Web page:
The Second Chance Animal Shelter has received the largest grant in their history. The total amount came to $101,820 spread over two years in grants of $50,910 each year.
The shelter’s executive director, Sheryl Blancato, said the grant from PetSmart Charities will underwrite a 24-month effort to reduce the homeless pet population in Spencer, East Brookfield, North Brookfield and Charlton, Mass.
PetSmart Charities, based in Phoenix, was established in 1994 as an independent nonprofit organization that creates and supports programs that save the lives of homeless pets and raises awareness of animal welfare issues. It has awarded more than $134 million in grants and programs.
“None of the grant money can be used for the sheltered animals,” Mrs. Blancato said. “Basically, it’s for us to help out the residents in the four towns.”
She said Second Chance got the grant because of its ongoing initiative to provide spay and neuter services for animals owned by residents in Worcester County towns.
The shelter has been providing low-cost spay/neuter services since 2004 and has fixed about 2,200 pets per year, according to Mrs. Blancato. She said that with the recent opening of its wellness center on North Main Street in North Brookfield, and with the $101,820 in grant funds, the shelter plans to do about 8,000 surgeries in the coming year.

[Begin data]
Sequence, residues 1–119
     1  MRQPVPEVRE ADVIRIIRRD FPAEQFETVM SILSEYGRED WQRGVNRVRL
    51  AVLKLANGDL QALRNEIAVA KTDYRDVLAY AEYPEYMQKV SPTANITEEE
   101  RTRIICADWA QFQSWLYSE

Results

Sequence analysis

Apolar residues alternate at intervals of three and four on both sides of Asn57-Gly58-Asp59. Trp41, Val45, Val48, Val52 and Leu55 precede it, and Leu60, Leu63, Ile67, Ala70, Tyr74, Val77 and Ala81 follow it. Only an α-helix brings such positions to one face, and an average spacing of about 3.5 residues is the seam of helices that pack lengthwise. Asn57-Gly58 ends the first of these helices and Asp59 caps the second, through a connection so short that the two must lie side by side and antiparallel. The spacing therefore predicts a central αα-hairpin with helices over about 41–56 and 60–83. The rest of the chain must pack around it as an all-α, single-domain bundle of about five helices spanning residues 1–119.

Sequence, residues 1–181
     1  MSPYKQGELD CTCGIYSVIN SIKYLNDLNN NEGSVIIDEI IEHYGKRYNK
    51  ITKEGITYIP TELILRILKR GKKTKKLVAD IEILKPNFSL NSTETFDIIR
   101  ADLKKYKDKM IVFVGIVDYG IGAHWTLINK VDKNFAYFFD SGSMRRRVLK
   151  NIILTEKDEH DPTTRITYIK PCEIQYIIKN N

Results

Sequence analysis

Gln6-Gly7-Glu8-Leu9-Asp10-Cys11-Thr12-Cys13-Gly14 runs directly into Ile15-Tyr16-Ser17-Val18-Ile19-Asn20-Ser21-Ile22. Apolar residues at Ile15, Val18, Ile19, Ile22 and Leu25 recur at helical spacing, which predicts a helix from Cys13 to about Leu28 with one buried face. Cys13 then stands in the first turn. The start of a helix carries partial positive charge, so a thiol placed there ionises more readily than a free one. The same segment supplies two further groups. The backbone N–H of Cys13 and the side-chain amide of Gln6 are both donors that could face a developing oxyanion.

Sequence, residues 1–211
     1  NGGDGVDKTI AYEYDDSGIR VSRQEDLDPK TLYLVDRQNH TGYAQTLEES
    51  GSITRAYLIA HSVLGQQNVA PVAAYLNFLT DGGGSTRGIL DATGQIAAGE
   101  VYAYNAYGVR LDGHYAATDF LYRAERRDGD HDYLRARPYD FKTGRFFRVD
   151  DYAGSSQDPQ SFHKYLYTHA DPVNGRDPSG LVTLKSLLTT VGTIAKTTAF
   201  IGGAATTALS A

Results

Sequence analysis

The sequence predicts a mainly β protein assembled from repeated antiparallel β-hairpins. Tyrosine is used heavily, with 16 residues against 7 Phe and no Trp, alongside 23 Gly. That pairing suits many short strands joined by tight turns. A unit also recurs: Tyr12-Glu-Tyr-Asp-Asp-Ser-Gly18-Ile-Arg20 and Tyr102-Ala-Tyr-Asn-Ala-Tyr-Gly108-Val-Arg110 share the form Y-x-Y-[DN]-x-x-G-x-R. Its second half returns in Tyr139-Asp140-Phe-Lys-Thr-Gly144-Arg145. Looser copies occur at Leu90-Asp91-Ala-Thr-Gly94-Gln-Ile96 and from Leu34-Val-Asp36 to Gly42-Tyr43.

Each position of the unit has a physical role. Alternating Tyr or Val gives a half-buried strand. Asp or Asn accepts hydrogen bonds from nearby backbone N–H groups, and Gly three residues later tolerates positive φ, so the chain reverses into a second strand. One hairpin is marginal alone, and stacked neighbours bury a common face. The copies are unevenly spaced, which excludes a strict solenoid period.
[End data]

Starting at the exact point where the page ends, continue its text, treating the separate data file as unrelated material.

“This is a one-time thing for these four towns,” Mrs. Blancato said. “Our plan is after we take care of the problem in these four towns, we’re going to target other towns. We picked these four towns because these are the towns with the highest number animals being surrendered into our shelter, especially kittens.”
Spencer Animal Control Officer Carol A. Gaucher, who has been dealing with animal control in town for 20 years, said the grant will help tremendously.
“We’ve been trying to keep the cat population under control here, but we have certain people who don’t listen.” Gaucher said the money awarded Second Chance will enable her to really attack the problem.
Feral cats, she said, also pose health problems when they come in contact with home-owned cats because they can easily spread disease.
“Our hope is that we’ll be able to spay or neuter every animal in those four towns and start to create a circle of no more homeless pets,” Blancato said.